Should trials in The Bronx be held in Spanish?

Terena Bell
4 min readJan 24, 2019
In The Bronx, juries are harder to fill due to a requirement that members speak English — even when all other parties involved speak Spanish.

The Bronx’s jury shortage has a relatively simple fix. If New York courts are brave enough to try it, the solution would speed up trials, make verdicts more accurate, and save taxpayers more than $4 million a year. So what is it? Trials in Spanish.

Jodi Morales, an attorney with The Bronx Defenders — a public defense organization, says there’s no legal reason why court proceedings are restricted to English. Unlike other countries, the United States does not have an official language. English is what’s most spoken nationwide, so the courts and other government institutions use it by default. But Spanish is gaining: More Spanish speakers now live in the US than in Spain. In communities like The Bronx, Spanish is already lingua franca: Less than half of those who live there speak English. As a result, the borough has a linguistically-broken judicial system that no longer mirrors the population it was designed to serve.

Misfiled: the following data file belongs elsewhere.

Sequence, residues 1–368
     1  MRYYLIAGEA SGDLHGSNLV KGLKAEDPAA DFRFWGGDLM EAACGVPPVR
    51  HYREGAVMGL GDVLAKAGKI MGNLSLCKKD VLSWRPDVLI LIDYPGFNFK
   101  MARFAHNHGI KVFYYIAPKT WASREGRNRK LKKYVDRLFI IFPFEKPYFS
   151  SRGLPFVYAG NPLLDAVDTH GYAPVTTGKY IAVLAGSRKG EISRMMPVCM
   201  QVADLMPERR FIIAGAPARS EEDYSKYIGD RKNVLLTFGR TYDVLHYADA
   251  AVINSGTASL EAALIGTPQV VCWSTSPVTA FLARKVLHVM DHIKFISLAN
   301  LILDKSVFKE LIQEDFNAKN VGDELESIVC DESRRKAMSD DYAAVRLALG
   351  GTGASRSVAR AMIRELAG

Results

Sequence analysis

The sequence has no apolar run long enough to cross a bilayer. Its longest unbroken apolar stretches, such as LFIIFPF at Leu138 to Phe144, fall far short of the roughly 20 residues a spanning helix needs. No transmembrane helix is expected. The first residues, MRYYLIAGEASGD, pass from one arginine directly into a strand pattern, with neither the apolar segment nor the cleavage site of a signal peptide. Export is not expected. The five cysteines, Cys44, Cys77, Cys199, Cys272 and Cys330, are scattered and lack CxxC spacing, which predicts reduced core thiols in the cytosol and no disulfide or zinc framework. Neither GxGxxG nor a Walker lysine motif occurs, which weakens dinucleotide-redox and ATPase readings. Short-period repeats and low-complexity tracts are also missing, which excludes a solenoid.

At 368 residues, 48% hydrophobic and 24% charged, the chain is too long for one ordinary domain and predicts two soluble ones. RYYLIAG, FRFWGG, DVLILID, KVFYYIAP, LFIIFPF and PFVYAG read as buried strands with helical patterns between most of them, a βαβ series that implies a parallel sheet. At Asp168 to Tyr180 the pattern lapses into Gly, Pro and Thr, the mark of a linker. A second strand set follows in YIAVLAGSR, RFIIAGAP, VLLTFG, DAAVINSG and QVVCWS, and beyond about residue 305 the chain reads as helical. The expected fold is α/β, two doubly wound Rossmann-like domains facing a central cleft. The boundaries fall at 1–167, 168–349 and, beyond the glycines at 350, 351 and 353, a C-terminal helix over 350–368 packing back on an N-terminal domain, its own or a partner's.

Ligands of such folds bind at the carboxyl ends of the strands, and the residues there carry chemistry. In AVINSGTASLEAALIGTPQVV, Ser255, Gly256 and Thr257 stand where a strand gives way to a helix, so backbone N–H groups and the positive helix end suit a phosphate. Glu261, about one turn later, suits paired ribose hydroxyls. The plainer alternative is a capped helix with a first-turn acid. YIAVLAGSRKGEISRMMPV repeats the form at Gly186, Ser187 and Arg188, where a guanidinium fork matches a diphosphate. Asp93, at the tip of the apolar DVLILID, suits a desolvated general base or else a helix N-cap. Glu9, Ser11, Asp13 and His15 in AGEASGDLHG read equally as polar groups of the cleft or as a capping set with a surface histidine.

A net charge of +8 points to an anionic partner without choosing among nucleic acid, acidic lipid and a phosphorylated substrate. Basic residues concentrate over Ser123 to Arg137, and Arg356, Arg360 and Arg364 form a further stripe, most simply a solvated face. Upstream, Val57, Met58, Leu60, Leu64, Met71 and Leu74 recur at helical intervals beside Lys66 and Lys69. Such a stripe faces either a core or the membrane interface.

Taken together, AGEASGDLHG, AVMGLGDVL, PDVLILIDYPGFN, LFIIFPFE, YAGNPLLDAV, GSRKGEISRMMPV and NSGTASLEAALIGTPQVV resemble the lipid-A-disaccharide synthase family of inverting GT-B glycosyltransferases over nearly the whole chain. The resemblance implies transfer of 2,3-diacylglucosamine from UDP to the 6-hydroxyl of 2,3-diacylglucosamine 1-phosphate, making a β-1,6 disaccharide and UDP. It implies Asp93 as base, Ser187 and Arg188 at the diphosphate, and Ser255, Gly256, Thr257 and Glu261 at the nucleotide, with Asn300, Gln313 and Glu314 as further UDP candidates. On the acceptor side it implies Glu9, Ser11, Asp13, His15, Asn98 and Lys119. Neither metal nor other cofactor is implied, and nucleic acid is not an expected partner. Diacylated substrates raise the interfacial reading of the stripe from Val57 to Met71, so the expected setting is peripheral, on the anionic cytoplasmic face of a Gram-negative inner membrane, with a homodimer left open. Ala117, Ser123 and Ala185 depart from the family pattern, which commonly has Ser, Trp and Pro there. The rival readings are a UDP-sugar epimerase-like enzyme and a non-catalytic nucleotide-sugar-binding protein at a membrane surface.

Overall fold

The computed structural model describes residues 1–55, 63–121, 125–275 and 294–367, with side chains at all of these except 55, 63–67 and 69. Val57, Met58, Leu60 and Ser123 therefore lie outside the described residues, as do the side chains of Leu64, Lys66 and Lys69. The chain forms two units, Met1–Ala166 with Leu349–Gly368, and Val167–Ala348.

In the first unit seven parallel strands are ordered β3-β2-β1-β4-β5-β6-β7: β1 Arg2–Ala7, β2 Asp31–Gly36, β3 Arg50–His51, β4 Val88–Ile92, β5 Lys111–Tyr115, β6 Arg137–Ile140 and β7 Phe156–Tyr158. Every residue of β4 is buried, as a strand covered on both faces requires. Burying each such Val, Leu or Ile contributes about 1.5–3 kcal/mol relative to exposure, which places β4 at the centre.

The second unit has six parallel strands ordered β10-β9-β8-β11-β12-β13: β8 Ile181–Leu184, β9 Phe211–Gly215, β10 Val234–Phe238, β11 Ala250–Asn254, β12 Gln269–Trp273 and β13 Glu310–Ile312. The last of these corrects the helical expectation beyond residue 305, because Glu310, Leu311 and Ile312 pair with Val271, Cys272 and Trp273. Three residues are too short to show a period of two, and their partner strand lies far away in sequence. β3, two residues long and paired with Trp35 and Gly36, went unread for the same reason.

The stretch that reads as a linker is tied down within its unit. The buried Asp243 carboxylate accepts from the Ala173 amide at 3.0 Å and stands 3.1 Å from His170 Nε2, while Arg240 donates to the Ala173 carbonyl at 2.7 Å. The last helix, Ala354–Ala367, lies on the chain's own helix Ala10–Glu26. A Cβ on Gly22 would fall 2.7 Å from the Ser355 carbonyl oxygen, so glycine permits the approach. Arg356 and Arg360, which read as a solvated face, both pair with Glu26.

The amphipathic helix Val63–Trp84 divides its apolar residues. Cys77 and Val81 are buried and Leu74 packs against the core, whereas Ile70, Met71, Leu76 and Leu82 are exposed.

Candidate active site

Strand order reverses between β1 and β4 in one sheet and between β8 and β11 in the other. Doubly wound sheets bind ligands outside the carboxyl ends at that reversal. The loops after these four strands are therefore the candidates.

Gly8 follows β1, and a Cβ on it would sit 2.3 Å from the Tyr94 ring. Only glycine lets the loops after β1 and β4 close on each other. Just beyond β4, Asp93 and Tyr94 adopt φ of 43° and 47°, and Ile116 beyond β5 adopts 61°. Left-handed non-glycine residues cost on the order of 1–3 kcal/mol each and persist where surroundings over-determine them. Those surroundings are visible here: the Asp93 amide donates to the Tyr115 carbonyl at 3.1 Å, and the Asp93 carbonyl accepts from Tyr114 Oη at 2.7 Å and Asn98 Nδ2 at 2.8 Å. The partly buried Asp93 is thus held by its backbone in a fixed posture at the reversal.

The Bronx’s current jury shortage is evidence of the break. New York Judiciary Law 510 requires jurors “be able to understand and communicate in the English language.” This fluency is required even when no one involved with the case speaks it. “Everybody spoke Spanish,” an anonymous juror told Quartz (where this article was originally published), referencing a trial he sat June 2017: “The defendant, the witnesses, all of us on the jury.” But because of §510, taxpayers paid an interpreter $300 a day to interpret proceedings into English — incorrectly, he adds: “At one point [the interpreter] said something and we all just looked at each other because we knew that wasn’t what the [witness] said.”

Bilingual herself, Morales says errors are rare but when they happen, “The judge will tell the jury, ‘Even if you have an understanding of the language, whatever the interpreter says is the evidence’” — even if the mistake completely changes the case.

Angel Gonzalez, wrongly convicted of rape due to translation error.

And for Angel Gonzalez, it did. In Waukegan, Illinois, Vanessa Potkin, Director of Post-Conviction Litigation for The Innocence Project, says translation error lead to Gonzalez’s wrongful conviction. He spent over 20 years in prison for a rape he didn’t…

Terena Bell

Reporter & fiction writer; series editor, Writing Through the Classics; short story editor for hire; sponsor more writing here: